By Geri Pinciaro Mariano
On July 29, Hand in Hand, a domestic employers network, and the CUNY Graduate Center released “Essential but Under-valued: Understanding the Home Care Workforce Shortage in the Hudson Valley.” A number of Hudson Valley elected officials participated in the virtual press conference.
Sadly, the COVID-19 pandemic underscores the need for home care workers as deaths in New York nursing homes reached unfathomable numbers. And for all those who died in nursing homes, most died alone with no one by their side.
With state legislators holding hearings in the Senate and Assembly about these nursing home deaths, the time is now to learn what went wrong and what can be done better in the future. Attention must be paid to the need for home care workers for the elderly and those with disabilities wishing to live in their homes in their communities.
I am one of the latter, a 52-year-old woman with congenital disabilities. Though given up by biological parents and left at White Plains Hospital in 1967, Westchester County Department of Social Service workers decided I should not be fated to live my life in an institution. A family was found and I grew up in and have remained a lifelong resident of the county, living in the Town of North Castle since 1972. Over the past 10 years and several surgeries gone awry, my days of independent living are long gone. I now receive home care assistance seven days a week.
During this pandemic, especially the early weeks and most recently the power outage lasting days from Tropical Storm Isaias, my aides were heroic, showing up for every shift, making sure my needs were taken care of. Personally, I cannot imagine having been anywhere else than in the safety of my own home.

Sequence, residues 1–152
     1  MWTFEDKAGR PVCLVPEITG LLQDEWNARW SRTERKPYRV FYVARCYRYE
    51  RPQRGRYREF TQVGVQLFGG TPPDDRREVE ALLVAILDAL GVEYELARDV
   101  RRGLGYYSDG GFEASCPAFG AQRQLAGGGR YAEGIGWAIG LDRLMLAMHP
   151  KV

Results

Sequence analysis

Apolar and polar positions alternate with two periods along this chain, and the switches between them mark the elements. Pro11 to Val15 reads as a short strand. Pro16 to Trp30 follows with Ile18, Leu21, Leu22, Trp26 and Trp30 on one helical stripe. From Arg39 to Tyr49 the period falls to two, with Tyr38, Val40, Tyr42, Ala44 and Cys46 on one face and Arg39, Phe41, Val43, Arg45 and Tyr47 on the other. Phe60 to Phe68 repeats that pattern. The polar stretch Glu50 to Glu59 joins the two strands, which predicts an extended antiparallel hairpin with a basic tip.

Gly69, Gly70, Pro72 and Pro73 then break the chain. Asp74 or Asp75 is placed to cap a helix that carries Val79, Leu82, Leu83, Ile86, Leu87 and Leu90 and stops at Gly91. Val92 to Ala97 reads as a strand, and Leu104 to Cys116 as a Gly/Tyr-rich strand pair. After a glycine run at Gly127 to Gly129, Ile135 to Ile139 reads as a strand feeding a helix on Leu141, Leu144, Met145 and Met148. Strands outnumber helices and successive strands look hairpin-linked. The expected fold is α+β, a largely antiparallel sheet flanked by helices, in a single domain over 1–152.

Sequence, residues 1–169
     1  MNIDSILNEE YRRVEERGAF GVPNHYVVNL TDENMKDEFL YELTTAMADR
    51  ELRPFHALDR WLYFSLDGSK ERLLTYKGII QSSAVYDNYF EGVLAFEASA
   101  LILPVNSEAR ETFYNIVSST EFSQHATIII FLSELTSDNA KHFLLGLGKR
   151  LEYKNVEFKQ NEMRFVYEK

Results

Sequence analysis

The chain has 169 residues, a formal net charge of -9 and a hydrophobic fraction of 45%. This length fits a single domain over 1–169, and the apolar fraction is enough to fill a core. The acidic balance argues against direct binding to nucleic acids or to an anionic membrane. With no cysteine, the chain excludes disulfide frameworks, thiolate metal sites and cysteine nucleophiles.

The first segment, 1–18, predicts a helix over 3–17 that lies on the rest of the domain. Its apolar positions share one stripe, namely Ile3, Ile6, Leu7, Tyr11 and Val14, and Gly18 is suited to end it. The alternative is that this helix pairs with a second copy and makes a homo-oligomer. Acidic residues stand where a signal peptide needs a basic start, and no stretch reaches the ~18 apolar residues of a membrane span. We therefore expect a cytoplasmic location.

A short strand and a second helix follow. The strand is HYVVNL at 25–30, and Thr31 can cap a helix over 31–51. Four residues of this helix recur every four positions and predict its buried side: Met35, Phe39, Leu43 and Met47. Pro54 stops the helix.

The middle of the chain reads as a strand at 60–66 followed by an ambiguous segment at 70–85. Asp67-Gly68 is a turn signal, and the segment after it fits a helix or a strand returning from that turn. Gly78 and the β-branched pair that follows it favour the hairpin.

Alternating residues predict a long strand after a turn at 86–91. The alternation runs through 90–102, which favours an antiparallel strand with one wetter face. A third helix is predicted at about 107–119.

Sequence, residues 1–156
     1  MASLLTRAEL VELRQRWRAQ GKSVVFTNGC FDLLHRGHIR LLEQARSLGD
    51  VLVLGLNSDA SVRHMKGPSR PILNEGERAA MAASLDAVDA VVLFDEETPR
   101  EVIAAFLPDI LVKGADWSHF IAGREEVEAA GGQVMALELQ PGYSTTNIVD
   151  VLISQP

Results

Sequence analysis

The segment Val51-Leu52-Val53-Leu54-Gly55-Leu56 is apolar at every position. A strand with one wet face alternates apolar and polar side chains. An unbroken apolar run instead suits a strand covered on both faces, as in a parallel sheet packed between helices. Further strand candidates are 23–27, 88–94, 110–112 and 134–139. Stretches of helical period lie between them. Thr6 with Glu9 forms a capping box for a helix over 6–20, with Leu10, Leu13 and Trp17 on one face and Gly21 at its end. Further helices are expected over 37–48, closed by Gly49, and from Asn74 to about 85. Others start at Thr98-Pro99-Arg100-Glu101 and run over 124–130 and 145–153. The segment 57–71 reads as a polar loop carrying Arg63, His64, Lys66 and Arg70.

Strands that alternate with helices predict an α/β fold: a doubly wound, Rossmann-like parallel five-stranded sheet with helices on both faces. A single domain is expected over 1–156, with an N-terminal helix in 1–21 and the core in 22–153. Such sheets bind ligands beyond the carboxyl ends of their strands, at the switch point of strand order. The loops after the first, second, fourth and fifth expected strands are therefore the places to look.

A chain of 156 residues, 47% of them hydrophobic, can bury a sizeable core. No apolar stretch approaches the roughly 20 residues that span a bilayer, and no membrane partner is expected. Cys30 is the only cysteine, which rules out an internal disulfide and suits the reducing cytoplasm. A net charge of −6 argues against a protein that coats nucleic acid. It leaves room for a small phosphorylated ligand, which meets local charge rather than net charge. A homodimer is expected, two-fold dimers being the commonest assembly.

Unfortunately, though, “my girls” and all home care workers are woefully underpaid with little to no benefits. With the looming state income shortfalls resulting from the economic shutdown, Consumer Directed Personal Assistance Programs (CDPAPs) are in the crosshairs of Gov. Cuomo’s desired Medicaid cuts.
With the devastating loss of life in nursing homes, these home care workers are more than essential; they are life savers for countless aging or disabled or immuno-compromised New Yorkers desperate to stay out of facilities.
Here in the Hudson Valley, the average home care worker makes just $18,500 a year – while the cost of living hovers around $100,000. No surprise, then, that 24 percent of home care workers surveyed live in poverty, and 39 percent rely on Medicaid themselves. Every year, over 5,100 workers leave the occupation.
As New York’s baby boomers age, the job openings in care work keep multiplying – with no one to fill them. In the Hudson Valley, this sector will experience more growth than any other occupation by 2026.
The state must look to invest in the home care sector and these essential workers, extending fair pay and benefits, protecting key sources of state funding for home care companies and launching innovative pilot projects through the proposed Home Care Jobs Innovation Fund.
Right now, investing in home care work is a moral obligation – to the workers who do the caring and those they care for. Please call your state senator and Assembly representative and urge them to take on this issue. All of us, whether our loved ones or ourselves, have a stake in this life-and-death matter.
Armonk resident Geri Pinciaro Mariano is an inspirational speaker who raises awareness of and advocates for rights of people with disabilities.